By Frank James
As part of the Pentagon's effort to prevent another disaster like the Fort Hood Army Base shootings, Defense Secretary Robert Gates announced Thursday a broad review of the military's ability to suss out servicemembers who might pose a threat to their comrades as well as its capacity to respond to mass casualty events.
Gates said he had named Clinton-era Army Secretary Togo West and former Chief of Naval Operations Adm. Vern Clark to head the 45-day review.
The move is the result of a growing number of reports that the behavior of Maj. Nidal Hasan, the Army psychiatrist and accused killer of 13 people at Fort Hood, worried some colleagues and supervisors but apparently not enough to prevent him from being promoted or transferred from Walter Reed Army Medical Center in Washington, D.C. to Fort Hood.
At a Pentagon briefing with reporters, Gates said:
The shootings at Fort Hood raise a number of troubling questions that demand complete but prompt answers. As you know, the president ordered a government-wide review to look at all intelligence related to this matter, how such intelligence was handled, shared and acted on within and between individual departments and agencies.
Today, I am announcing that the Department of Defense will conduct a separate review to ensure the safety and health of DOD employees and their families. We do not enter this process with any preconceived notions.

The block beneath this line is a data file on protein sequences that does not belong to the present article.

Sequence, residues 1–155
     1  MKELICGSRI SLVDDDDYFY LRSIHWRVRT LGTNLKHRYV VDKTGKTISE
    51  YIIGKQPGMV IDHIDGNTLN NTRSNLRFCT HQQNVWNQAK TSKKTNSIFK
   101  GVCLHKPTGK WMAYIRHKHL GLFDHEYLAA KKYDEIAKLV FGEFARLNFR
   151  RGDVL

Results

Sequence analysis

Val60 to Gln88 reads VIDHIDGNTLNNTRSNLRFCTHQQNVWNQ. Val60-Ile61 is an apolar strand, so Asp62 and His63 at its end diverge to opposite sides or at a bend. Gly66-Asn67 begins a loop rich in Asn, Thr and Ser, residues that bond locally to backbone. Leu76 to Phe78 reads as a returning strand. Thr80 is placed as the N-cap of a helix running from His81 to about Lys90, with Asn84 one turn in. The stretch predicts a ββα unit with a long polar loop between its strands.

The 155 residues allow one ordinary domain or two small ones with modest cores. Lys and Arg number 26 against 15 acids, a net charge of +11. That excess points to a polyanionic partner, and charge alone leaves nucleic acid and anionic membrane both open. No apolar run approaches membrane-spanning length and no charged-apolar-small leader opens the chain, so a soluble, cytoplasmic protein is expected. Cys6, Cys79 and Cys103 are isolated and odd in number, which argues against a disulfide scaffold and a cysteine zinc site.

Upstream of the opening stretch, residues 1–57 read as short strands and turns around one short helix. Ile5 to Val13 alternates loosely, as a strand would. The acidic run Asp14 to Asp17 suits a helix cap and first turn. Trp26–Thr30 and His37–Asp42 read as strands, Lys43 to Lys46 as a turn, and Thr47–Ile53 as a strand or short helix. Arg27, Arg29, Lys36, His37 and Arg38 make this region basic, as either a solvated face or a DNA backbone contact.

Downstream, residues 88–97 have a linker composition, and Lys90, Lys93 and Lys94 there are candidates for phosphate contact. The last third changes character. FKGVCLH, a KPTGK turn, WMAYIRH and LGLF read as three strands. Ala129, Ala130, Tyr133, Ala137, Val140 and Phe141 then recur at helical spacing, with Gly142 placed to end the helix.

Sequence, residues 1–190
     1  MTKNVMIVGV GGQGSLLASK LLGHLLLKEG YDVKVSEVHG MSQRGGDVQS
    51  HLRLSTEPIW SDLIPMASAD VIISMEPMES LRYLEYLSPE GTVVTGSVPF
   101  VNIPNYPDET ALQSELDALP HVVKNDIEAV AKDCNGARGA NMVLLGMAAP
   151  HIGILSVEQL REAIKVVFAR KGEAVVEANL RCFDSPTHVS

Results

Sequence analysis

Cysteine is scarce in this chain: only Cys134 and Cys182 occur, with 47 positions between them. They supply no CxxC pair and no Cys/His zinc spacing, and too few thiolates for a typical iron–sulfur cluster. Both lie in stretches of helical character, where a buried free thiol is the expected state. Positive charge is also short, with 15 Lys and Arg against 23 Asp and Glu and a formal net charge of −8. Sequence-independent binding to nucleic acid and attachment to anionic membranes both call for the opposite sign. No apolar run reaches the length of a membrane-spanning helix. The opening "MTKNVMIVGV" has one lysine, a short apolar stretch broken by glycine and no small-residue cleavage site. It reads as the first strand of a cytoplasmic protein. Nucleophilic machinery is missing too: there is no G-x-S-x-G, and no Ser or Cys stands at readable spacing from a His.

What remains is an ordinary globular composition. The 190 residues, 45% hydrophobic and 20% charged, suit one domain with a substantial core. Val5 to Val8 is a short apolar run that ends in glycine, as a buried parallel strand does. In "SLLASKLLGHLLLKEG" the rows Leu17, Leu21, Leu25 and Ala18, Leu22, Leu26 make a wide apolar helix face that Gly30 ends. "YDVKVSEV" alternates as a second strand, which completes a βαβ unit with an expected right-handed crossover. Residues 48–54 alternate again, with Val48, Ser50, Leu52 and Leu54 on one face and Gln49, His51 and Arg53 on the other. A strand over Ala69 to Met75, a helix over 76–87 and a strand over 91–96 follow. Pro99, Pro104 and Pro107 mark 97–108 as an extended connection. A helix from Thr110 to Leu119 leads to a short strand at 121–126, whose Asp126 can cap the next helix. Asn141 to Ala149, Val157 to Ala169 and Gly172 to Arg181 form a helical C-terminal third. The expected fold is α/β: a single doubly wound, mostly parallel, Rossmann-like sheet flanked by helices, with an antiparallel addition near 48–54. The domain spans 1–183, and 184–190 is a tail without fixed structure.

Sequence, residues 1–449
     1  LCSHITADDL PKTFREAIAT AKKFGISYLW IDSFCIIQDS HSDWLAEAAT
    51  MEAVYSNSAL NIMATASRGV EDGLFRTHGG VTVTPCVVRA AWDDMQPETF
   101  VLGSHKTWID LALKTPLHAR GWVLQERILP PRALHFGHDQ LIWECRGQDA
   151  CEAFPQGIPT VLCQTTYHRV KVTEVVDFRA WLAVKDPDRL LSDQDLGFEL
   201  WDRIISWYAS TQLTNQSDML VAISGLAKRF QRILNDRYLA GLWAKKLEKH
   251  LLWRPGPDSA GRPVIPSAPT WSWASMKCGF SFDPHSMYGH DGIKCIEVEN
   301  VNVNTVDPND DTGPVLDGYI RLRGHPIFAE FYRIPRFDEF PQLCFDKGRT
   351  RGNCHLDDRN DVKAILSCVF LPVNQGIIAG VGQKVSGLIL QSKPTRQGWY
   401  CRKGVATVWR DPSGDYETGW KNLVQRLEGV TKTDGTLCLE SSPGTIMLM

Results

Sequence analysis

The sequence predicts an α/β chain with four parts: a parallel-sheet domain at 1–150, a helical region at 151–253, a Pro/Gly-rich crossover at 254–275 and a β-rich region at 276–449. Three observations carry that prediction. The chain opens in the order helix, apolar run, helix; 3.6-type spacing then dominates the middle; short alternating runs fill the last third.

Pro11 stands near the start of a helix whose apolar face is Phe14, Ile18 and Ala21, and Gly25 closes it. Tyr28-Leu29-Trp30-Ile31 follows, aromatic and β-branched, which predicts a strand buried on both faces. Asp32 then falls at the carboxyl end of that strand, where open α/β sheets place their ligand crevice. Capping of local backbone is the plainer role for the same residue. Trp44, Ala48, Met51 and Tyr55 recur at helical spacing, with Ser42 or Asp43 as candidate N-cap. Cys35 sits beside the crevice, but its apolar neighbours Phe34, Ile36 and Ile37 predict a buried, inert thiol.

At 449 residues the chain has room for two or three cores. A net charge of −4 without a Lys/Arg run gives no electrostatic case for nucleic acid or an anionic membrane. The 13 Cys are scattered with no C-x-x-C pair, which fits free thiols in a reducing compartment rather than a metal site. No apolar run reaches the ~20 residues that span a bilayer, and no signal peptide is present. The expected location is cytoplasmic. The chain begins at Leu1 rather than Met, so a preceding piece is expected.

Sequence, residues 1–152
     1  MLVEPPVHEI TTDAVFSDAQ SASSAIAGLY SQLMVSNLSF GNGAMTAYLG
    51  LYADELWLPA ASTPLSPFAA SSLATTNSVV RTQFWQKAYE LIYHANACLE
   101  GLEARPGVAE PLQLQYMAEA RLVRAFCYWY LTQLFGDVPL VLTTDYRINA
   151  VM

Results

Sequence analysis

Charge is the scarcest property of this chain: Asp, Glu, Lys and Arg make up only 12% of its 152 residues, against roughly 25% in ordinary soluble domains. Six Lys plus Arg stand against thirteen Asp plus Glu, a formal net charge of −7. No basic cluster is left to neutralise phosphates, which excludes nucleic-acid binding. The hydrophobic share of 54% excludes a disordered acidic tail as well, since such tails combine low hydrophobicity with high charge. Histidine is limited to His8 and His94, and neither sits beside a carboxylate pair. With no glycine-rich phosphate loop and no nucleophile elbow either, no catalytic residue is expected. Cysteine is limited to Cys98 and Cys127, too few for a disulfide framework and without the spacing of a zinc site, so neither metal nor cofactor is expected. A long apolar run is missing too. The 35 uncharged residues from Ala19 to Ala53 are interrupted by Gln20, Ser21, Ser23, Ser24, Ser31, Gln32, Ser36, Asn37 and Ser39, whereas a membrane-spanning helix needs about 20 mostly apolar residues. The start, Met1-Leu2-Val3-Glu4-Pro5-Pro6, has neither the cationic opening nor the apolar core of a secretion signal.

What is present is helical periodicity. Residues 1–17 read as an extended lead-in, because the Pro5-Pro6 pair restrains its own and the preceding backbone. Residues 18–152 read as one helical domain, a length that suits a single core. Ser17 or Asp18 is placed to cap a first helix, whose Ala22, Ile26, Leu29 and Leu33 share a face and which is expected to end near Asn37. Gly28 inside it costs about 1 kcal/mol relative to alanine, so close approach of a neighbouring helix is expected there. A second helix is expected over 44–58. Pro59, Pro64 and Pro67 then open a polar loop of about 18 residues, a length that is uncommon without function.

However it is prudent to determine immediately whether there are internal weaknesses or procedural shortcomings, in the department, that could make us vulnerable in the future. To this end, I've ordered a 45-day review with three areas of emphasis.
First, to find possible gaps or deficiencies in Defense Department programs, processes and procedures for identifying servicemembers who could potentially pose credible threats to others.
Second, to assess among other issues personnel reliability programs, medical screening programs, servicemember release and discharge policies and procedures, pre-and-post-deployment health assessment programs, periodic counseling sessions and procedures on the reporting and handling of adverse servicemember information.
And third and finally to examine the sufficiency of both the department's domestic physical security programs, at Department of Defense facilities, and its emergency response capabilities for mass-casualty events at our facilities.